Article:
Words by Sean Moeller, Illustration by Johnnie Cluney, Recording engineered by Brian Thorn at The Magic Shop, New York City, during CMJ week in the fall of 2012
There's a trade-off when it comes to youth. Your complete lack of context (one of the trade-offs, actually) is that you think that you're ruling it pretty hard - that you're getting a very front-loaded end of the deal. You feel like you're getting away with it all, smuggling all that good out of those formative years, when really, you wouldn't trade to get those years back for anything. Sure, there are minor aspects of them that you might like to have back from those high school or college days, but satisfaction should likely not have been met prior to turning 25 years old. It's possible, but that story alone would be more heartbreaking than any that could be told about those stupid, long-gone years. Really, you let yourself dangle out there in those infested waters. You were lame and you were under-developed. You were speechless most of the time, going as unnoticed as you possibly could, just trying to get to the weekends and summer vacations as quickly and painlessly as possible. Looking back on those years, we seem to attach meaning to certain things that we never did when they were happening, but that was just like our idiocy and our undeveloped mind to do that.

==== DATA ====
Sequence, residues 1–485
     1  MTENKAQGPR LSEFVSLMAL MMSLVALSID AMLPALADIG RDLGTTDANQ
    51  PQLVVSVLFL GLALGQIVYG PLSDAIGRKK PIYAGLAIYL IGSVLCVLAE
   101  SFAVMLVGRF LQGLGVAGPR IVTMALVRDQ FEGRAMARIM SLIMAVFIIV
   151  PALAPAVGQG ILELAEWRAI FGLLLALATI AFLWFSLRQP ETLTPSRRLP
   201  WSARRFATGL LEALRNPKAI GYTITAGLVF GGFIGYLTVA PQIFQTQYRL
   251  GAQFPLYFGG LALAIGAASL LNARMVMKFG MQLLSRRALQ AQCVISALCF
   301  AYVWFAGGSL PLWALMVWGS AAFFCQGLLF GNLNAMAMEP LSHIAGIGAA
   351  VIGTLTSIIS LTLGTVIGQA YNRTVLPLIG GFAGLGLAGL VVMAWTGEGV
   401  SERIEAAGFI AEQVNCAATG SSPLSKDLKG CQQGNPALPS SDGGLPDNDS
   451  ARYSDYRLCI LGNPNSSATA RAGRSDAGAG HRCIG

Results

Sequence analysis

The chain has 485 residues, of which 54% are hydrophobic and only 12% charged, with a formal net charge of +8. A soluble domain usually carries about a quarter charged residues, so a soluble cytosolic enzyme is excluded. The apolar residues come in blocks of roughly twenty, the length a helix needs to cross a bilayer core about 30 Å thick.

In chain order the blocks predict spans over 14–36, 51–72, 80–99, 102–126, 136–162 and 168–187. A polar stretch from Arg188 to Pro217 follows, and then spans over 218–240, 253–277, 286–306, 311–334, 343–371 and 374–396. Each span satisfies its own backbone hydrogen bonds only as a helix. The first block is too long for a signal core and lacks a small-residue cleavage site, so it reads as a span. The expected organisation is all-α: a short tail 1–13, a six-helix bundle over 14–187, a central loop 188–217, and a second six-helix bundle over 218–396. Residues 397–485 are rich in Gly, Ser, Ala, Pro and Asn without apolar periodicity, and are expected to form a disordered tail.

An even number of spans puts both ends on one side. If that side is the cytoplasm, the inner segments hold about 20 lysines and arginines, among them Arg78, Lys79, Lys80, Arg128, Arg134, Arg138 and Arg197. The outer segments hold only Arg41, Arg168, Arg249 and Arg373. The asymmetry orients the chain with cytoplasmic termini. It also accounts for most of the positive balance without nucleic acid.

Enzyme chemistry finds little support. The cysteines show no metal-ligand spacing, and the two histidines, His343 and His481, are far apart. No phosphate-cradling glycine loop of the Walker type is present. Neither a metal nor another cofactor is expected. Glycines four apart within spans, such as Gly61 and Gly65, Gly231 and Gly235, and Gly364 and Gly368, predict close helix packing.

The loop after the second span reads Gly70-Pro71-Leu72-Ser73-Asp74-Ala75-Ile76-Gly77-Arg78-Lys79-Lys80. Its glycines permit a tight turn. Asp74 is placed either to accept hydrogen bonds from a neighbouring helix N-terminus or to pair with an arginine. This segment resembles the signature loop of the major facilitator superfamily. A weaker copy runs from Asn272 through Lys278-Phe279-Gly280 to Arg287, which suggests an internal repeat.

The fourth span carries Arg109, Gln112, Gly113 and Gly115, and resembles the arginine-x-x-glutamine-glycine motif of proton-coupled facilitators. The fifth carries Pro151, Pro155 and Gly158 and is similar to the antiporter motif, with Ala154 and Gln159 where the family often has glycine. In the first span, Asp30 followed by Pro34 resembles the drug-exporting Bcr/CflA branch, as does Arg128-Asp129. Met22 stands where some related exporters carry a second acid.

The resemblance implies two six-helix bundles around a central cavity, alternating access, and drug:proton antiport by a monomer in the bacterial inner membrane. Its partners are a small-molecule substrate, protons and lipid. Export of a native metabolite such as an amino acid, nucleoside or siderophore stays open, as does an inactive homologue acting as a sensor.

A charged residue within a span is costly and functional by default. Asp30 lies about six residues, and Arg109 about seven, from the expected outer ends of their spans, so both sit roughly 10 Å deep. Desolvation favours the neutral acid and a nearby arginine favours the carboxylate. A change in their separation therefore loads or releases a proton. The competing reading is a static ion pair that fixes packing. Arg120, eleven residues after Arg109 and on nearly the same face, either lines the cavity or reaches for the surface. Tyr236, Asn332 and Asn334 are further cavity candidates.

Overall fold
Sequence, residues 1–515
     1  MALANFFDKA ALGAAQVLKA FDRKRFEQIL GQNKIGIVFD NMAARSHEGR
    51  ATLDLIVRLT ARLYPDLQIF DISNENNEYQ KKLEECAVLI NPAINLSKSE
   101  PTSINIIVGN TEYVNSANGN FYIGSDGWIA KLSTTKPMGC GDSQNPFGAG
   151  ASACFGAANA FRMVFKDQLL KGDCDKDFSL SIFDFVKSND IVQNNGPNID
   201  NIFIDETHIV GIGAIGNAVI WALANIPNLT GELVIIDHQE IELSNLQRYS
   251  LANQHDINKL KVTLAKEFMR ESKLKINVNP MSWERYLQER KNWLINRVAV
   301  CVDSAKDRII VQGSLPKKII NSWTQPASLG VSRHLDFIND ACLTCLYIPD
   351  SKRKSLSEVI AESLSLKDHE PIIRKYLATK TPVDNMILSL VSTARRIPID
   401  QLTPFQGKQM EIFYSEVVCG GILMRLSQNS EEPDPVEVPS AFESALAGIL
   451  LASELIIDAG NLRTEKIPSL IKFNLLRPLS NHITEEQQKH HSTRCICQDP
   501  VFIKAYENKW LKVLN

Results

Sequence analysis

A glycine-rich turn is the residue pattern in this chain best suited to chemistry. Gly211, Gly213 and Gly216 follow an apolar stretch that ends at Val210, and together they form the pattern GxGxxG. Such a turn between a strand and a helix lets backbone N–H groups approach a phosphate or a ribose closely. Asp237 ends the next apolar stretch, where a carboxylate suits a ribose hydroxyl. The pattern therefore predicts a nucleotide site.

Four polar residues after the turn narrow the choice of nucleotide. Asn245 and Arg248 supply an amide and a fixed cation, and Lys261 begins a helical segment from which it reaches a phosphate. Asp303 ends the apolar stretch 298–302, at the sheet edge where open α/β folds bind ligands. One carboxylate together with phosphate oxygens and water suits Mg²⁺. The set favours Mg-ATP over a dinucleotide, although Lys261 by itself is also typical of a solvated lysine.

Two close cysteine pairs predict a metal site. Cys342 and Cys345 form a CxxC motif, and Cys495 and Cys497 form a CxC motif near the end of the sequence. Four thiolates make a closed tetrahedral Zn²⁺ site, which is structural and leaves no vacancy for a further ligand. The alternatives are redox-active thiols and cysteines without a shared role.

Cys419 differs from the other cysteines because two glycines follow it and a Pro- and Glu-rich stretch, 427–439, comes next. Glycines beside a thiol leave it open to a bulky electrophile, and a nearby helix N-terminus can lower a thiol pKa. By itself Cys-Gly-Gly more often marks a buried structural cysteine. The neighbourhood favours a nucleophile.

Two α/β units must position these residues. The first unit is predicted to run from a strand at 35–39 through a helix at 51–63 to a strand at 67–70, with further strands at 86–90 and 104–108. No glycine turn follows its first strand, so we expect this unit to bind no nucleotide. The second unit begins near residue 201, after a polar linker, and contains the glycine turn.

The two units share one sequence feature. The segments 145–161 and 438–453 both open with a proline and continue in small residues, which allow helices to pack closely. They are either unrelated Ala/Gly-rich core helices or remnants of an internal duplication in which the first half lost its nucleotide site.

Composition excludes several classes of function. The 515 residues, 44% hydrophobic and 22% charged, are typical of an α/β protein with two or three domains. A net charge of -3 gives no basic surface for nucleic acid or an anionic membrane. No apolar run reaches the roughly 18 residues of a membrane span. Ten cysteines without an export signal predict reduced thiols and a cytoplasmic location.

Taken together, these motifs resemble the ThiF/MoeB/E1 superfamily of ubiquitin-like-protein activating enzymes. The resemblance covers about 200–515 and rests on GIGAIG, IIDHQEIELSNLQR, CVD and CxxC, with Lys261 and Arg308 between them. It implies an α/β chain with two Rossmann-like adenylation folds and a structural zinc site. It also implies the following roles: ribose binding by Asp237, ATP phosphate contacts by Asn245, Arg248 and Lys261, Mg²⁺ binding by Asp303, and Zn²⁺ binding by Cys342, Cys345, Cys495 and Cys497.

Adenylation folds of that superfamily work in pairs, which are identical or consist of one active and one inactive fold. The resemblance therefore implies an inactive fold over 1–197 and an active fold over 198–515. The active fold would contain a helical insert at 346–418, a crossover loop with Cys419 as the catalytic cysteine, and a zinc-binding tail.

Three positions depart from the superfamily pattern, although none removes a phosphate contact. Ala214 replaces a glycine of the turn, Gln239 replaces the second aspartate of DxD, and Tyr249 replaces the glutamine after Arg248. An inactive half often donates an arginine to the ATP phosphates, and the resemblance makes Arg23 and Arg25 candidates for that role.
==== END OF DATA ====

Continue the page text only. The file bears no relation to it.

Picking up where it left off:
Chris Pope, of the Los Angeles band Blonde Summer understands what those younger years were good for. They were good for piecing together our concept of halcyon days, or compiling an appendix of what we might always find ourselves looking back fondly on. Blonde Summer songs are great for that inner nostalgic who's still got a firm grip on what they hated about the old days too. There's no desire to go back to them in the song, "Graduation," where the main protagonist says, "Never comin' back again/Unless I'm dead/Gonna haunt some kid." Sounds like that might be some payback, but there's a balance that's struck here, as most aspects of Pope's writing are still largely sunny and tanned. Without a question, there were good times when our skin was more elastic and our abs were toned. There was something about how new love made us feel that's been hard to replicate since. We do long for certain things, but Pope makes us understand that we'll see the drawbacks, with enough perspective. We'll appreciate the high times just as much as they were hard times, more than anything else. They're tough to distinguish from one another. They both smell a little smoky, like a beach fire. They are both salty to the taste and they both leave you a little dazed. It's a problem that here, doesn't sound so back. It's kind of what we had thought all along.